No Oktoberfest reservation, big problem

The day started by switching hotels and gallivanting off to our Munich bike tour. We selected the 9:30am tour as we planned on heading to The Oktoberfest (as Bavarians call it) in the afternoon. The tour took us around the city and through Englischer Garten with a pit stop at the garden’s beer garden. The English Garden is a huge park with an artificial stream running through it where people surf, like on surf boards and shit.

I learned four things from our tour guide:

  • The English Garden is larger than Central Park and its 7,000+ seat beer garden at the Chinese Tower is the second largest in Munich.
  • The Oktoberfest is held primarily in September because the weather in October is too rainy and crappy.
  • Seven million liters of beer were brewed for Oktoberfest 2011.
  • Wheat beer makes you fart.

During the pit stop, we ordered a plate of sausage and potatoes and two weißbiers. Heaven. My liver and I could have sat at that picnic table all damn day but unfortunately, we had to get the bikes back to the shop for the next tour group.

Next up on the agenda, The Oktoberfest. In preparation for the trip, I read tons of reviews about how it is essentially impossible to get into any of the tents without a reservation. This is true. Anyone who tells you that you do not need a reservation is lying to you. In fact, people start reserving tables as early as February.

Peter and I arrived at The Oktoberfest around 3pm and randomly picked the Hacker Festzelt tent (9,300 seats), got in line, and stood there for two hours. I expected this to some extent because I knew if we had any chance of getting in, we’d have to show up at 8am. The line that we were in was a line to nowhere. There wasn’t anyone manning the line and the only reason the line moved at all is because people left the line on their own accord. One theory a fellow American had was that there was a shift change at 5pm and they would open the doors. Knowing what I know now, there is no opening of the doors during shift changes because there are no shift changes. To put it simply, there is no opening of the doors once they have met capacity – even people with tickets couldn’t get in.

Standing in line was hell but at the same time, it was great people watching. We saw one guy bend over and puke and then watched several other drunk people step in it. People would just simply fall over and their friends would pick them up and prop them on their shoulders. I’ve never seen this level of drunkenness in all my years of bar crawling. Never.

One tip that we were given by the two guys at the airport and by Peter’s colleagues is that you can buy your way into a tent via a side door. Peter attempted this twice while I stood in the line to nowhere and failed both times. After two-and-a-half hours of standing in “line,” we made the decision to leave and come back early Saturday morning.

As a last-ditch effort on our way out of the grounds, we passed by a side door and Peter slipped the Yugoslavian security guard 50€ and he pushed us inside. Two-and-a-half hours into the adventure and we had passed the first hurdle. And to my surprise, the tent was non-smoking.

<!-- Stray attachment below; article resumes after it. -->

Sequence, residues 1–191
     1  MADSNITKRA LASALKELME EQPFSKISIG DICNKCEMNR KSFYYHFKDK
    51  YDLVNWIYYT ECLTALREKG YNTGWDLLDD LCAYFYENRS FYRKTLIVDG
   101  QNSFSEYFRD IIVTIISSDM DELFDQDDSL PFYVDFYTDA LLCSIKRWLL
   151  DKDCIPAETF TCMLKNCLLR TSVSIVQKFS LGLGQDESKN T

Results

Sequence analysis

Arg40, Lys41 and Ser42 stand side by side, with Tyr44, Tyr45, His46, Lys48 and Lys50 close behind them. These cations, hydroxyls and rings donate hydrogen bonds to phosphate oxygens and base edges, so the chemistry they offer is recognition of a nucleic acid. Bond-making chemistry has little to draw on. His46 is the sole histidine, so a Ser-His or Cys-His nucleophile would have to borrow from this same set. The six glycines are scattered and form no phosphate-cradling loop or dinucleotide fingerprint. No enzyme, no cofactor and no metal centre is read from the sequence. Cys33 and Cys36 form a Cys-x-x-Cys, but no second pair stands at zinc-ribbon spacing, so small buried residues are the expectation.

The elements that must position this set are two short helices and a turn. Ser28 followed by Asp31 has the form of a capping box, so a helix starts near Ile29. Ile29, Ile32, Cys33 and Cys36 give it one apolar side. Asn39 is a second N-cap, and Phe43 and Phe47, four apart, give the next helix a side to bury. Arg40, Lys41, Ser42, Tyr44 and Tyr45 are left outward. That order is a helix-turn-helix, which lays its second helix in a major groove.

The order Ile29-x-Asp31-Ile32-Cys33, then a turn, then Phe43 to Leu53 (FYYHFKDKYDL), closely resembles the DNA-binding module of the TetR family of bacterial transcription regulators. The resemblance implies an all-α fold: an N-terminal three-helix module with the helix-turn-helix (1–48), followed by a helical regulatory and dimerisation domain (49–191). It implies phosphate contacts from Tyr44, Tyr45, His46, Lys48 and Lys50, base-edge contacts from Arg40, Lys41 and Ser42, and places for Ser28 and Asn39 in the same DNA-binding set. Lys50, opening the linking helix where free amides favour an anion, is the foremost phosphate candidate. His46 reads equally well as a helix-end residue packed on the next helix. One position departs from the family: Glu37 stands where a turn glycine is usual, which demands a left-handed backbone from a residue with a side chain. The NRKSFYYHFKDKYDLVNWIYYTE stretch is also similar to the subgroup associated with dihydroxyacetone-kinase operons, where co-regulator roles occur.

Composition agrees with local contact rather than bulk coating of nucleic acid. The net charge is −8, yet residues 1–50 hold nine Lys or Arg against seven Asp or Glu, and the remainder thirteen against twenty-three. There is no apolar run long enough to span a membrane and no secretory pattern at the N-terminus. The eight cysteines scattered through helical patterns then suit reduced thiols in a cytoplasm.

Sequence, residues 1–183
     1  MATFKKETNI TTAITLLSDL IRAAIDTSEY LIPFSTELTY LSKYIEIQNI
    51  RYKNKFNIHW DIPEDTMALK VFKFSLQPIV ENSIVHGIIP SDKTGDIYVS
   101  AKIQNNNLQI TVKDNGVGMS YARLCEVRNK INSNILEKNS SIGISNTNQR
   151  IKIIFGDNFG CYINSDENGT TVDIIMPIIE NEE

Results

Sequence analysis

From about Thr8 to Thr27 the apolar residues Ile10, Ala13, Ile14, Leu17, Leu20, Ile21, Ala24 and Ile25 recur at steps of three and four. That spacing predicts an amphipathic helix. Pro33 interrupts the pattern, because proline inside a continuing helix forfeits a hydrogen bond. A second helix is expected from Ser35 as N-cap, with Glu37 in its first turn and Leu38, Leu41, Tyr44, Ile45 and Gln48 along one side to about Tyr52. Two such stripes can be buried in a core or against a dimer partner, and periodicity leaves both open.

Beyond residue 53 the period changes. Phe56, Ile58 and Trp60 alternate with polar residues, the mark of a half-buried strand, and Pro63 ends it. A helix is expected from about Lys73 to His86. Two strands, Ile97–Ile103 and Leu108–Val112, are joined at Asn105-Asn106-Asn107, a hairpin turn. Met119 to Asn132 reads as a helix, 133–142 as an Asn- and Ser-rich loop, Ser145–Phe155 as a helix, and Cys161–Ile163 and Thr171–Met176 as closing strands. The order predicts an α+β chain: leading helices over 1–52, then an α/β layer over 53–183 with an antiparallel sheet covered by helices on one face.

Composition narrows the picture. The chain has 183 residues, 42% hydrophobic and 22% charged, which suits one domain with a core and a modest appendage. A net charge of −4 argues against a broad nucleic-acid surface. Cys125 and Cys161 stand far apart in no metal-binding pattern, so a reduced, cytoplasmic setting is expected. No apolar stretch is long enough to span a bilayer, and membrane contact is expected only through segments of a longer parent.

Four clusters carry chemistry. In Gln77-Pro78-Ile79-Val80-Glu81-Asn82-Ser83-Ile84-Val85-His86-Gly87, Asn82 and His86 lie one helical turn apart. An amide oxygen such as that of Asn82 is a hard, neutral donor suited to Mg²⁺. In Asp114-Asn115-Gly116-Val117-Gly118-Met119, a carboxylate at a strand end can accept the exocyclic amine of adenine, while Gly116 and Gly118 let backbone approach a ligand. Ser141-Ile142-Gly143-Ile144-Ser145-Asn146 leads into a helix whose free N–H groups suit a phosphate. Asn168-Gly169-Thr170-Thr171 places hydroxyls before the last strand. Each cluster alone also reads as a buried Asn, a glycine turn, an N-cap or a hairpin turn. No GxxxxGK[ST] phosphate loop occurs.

The next hurdle was debatable: beer or seats? I had read that they will not serve you unless you are seated at a table, however, we found hundreds of people standing and drinking and we found -300 seats. Therefore, the next hurdle was getting a beer as getting a seat was not going to happen. I knew that it was my job to get the beer as Peter successfully got us into the tent, so after 30 minutes of observation, I got up the courage to ask the drunk Bavarian next to me to help get us beers. We chatted and he was able to secure us each a liter of beer. My favorite broken English conversation with him went like this:

Bavarian: “Where are you from?”

Me: “We live outside of London but we are from Texas, USA.” 

Bavarian: “Oh. Does your husband have a gun?” 

Me: “No.” 

Bavarian: “OK, then it is safe to talk to you.”

Peter and I concluded that the only reason the no-service-unless-seated rule is in place is because the server has no place to set the beers down in order to hand them out. We quickly learned that the easiest way to get a beer is to meet the server at the table at the time they bring the beers and hand them money, 10€/liter.

One liter of beer later and it was bathroom time and I was terrified. I had been dreading the bathrooms since the first liter landed in my hand. They had to be a total disaster with this many people drinking. To my surprise, they weren’t. The stalls were numbered, so there were at least 45 in the women’s bathroom. I never waited in line more than one minute. The bathrooms were definitely German engineered for efficiency. They were nothing short of impressive, especially since they were temporary.

Several hours and liters of beer later, we decided it was time to get something to eat since the last time we ate was at noon during the bike tour. We purchased a bratwurst at one of the food stands and made our way to the U-Bahn station. We departed the train and suddenly Peter had to go to the bathroom and so began the rat race around the train station. We walked in circles following the bathroom signs – all led to dead ends. More intoxicated than originally thought, I at one point suggested (in all seriousness) that he pee in the photo booth. Fortunately, he was thinking more clearly and we eventually made our way to McDonald’s to empty our beer filled bladders.

Overall, The Oktoberfest experience was great. The experience would have been better had we had reservations. Live and learn, one beer festival at a time.

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